In Apache, this is done through the
mod_rewrite module, which you usually interact with in a
.htaccess file. For Nginx, the term of art is less obscure: it’s the configuration. But in either case, all three of these URLs will get from our WordPress installation here the exact same thing — this article. They’re all hitting the WordPress front controller and finding this article — the first two through the ID, the last through a bit more complex a procedure — and rendering the page through our theme. Pretty cool, right?
What the WordPress Front Controller Does
As you may be thinking after that the WordPress front controller is your
index.php file. The root
index.php file to be exact (since WordPress like many other PHP apps also has a ton of others). The root
index.php file of your theme is your front controller. All requests on the front side of your site — whether for search results, a tag archive, a static page, or a blog index page — gets rooted through the
So what’s in there? Well, not much really:
<?php /** * Front to the WordPress application. This file doesn't do anything, but loads * wp-blog-header.php which does and tells WordPress to load the theme. * * @package WordPress */ /** * Tells WordPress to load the WordPress theme and output it. * @var bool */ define('WP_USE_THEMES', true); /** Loads the WordPress Environment and Template */ require( dirname( __FILE__ ) . '/wp-blog-header.php' );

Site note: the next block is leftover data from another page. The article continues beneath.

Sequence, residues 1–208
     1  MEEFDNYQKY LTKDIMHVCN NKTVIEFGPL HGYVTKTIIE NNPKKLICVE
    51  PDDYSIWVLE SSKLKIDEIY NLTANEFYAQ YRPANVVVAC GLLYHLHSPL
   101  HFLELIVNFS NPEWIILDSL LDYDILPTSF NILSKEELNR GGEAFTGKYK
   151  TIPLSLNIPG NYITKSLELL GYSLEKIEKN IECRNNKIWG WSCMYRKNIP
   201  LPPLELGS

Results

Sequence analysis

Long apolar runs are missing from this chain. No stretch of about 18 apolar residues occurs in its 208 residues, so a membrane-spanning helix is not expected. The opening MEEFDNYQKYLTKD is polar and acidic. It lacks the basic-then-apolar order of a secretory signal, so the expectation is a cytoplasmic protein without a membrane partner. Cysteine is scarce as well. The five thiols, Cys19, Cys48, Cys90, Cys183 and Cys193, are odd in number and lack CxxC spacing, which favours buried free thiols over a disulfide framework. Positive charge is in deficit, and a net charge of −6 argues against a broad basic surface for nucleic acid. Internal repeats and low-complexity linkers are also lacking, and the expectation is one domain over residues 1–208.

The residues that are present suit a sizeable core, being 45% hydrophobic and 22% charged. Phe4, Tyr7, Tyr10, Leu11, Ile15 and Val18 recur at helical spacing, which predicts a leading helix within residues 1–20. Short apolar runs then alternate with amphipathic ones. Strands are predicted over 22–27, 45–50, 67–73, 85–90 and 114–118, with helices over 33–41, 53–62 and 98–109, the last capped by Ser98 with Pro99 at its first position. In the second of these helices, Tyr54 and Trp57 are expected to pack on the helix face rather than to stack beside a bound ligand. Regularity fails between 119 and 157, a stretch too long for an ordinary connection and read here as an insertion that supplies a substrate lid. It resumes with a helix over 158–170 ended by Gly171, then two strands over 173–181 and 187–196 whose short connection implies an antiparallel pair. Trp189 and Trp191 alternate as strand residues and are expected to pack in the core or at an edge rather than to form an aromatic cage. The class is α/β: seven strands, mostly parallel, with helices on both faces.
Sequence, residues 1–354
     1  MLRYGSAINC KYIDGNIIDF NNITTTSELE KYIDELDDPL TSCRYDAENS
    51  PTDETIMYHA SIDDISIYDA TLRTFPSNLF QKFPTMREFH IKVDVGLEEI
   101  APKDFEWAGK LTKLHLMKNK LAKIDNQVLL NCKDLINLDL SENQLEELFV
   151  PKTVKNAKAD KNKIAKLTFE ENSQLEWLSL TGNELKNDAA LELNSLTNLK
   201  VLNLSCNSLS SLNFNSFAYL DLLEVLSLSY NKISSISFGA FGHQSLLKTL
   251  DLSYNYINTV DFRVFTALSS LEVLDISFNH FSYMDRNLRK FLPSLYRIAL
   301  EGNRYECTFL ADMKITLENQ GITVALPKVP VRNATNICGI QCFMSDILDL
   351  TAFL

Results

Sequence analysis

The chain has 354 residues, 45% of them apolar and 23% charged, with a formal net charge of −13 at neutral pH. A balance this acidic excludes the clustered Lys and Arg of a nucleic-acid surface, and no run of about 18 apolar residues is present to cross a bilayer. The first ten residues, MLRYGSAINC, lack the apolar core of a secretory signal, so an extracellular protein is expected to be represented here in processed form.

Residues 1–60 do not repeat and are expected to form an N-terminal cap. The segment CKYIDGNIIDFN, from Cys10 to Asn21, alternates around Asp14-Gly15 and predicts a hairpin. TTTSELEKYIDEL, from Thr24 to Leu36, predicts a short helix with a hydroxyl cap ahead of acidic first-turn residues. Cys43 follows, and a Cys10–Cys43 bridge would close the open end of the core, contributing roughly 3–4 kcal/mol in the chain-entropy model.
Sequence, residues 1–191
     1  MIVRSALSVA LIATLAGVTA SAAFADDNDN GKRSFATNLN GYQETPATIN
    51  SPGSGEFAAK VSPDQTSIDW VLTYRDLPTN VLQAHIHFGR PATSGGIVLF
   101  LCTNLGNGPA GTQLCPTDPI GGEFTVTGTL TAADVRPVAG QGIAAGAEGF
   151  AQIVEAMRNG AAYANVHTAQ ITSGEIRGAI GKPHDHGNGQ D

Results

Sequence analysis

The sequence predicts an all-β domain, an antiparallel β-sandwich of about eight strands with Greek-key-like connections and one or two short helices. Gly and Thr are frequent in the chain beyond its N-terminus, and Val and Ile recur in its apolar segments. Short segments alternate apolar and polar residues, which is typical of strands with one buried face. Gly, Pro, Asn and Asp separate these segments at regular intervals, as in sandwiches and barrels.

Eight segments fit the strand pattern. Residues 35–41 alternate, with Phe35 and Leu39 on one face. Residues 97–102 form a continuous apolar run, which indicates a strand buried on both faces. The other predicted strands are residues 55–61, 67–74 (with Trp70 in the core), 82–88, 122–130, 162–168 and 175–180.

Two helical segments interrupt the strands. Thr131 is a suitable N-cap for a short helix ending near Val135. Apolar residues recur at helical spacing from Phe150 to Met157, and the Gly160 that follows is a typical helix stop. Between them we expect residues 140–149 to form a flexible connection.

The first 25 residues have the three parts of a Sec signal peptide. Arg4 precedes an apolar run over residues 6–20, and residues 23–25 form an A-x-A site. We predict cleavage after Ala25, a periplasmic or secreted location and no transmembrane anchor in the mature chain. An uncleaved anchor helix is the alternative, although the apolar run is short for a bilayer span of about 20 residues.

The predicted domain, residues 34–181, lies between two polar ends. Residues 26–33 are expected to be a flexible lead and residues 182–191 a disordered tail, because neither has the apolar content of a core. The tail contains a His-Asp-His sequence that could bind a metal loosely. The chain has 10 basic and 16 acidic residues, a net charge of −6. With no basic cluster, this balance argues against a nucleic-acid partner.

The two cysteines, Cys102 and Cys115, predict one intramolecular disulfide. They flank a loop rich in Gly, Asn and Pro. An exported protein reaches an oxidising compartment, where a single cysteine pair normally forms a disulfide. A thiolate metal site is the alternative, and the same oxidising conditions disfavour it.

If you’re at all familiar with PHP — or almost any other — programming syntax, you’ll notice that much of this file is comments. Only two lines of actual code exist in it.
A constant —
WP_USE_THEME is defined, and then another file is required (which is to say included in the execution of this file). That’s it.
We could follow the chain of
requires and definitions along the chain of WordPress’s functioning all the way until your page is rendered and returned, but that’s far past the sane scope of one single internet article. And well past what you need to understand to know the front controller pattern.
Things to know about the WordPress front controller
So what have we learned?
- All WordPress pages on the front in go through a “front controller”, located at
.htaccessfiles are used to route Apache requests for URL’s that don’t map to the underlying file system to the front controller. This is how your articles get “pretty permalinks”, and how WordPress catches all the “Page not found” or 404 requests on your site.
- The front controller is how files from all around the WordPress file system are included in the response to a single request. The front controller starts a chain that rounds up files located far away from the root URLs of your site, typically in
wp-content/themes/theme-name/, and uses them to show your pages using the specific look you define.
There is more depths to design patterns, the front controller, and how all these things work with WordPress. Comments are open and as always I’d love to hear what you’re wondering or what I missed. Thanks for reading!
Image credit: ell brown, tami.vroma